China Is Even Closer to a Human-Crewed Moon Landing
One of China’s rockets, which measures about 100 feet long that was launched at the beginning of the month, will re-enter our home planet’s atmosphere at some point on Monday, being the largest object in tens of years to drop out of orbit uncontrollably. The Long March 5B rocket is estimated to reach Earth without any guidance after orbiting the planet for almost a week. This rocket was launched on May 5, together with a prototype for a new crew capsule.
On Saturday, the U.S. military has published tracking data about Long March 5B, which was as follows: it has been orbiting between 94 miles (152 kilometers) and 167 miles (270 kilometers) in altitude. The U.S. military also announced an estimate of the re-entry of the Chinese rocket. This is expected to occur sometime during 24 hours between 23:35 GMT (7:35 p.m. EDT) on Sunday and 23:35 GMT (7:35 p.m.) on Monday.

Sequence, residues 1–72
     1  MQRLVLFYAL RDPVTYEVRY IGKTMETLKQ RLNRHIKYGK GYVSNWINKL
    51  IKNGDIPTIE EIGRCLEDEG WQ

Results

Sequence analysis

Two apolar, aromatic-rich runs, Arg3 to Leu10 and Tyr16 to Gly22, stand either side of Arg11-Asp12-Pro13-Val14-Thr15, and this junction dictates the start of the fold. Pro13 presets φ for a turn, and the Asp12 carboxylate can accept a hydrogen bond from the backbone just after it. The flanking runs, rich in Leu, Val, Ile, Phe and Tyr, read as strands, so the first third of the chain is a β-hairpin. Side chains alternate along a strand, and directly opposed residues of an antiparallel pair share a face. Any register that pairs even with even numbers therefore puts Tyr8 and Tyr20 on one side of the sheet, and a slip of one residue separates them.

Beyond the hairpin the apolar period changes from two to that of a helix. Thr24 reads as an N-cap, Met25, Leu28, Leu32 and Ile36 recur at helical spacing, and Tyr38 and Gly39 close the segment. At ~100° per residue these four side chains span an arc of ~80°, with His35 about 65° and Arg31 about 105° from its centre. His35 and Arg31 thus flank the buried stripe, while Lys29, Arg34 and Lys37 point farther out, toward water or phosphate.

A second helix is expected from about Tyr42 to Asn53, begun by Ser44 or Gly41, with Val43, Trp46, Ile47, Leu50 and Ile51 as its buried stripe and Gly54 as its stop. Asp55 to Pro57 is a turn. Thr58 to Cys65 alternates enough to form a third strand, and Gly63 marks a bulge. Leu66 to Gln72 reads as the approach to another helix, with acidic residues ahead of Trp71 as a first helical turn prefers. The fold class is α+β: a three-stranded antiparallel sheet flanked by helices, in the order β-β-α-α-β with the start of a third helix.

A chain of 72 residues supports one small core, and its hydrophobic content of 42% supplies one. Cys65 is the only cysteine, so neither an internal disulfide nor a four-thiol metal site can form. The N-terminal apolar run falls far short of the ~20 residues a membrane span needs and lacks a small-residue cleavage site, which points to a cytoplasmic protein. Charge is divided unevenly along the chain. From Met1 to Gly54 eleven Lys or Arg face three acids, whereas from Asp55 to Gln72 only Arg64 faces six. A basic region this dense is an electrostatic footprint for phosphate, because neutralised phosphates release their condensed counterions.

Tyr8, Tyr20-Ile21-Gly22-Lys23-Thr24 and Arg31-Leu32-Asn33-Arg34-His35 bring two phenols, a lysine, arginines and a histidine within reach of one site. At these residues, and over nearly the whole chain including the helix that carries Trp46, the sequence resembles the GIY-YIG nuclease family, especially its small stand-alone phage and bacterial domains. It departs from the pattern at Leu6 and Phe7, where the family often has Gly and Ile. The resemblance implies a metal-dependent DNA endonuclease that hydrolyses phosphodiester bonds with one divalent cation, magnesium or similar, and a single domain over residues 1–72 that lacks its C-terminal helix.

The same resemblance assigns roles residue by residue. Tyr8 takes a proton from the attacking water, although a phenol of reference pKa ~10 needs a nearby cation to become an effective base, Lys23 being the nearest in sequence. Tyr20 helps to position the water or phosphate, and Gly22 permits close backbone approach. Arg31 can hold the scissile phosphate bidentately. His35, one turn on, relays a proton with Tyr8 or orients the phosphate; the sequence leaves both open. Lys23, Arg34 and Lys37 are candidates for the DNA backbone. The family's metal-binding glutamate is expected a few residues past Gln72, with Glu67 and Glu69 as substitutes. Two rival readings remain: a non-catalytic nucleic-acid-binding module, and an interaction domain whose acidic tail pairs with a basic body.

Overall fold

The very nature of uncontrolled re-entries makes them hard to estimate accurately, and the prediction of re-entering orbit is subject to change as radars located on Earth continue to track the rocket while it is in orbit. Other factors that could affect the re-entry time are variations in atmospheric drag and the activity of the Sun, both of which could move the time earlier or later.
Aerospace Corp has declared that the estimation of re-entry time is essential to locate the debris. Even a one-minute difference between the prediction and the actual time could change the location of falling debris by as much as 300 miles (500 kilometers).
The rocket’s body is currently in orbit flying somewhere between 41.1 degrees north or south latitude, which means that Long March 5B could crash as far north as New York City or as far south as the city of Wellington, located in New Zealand.
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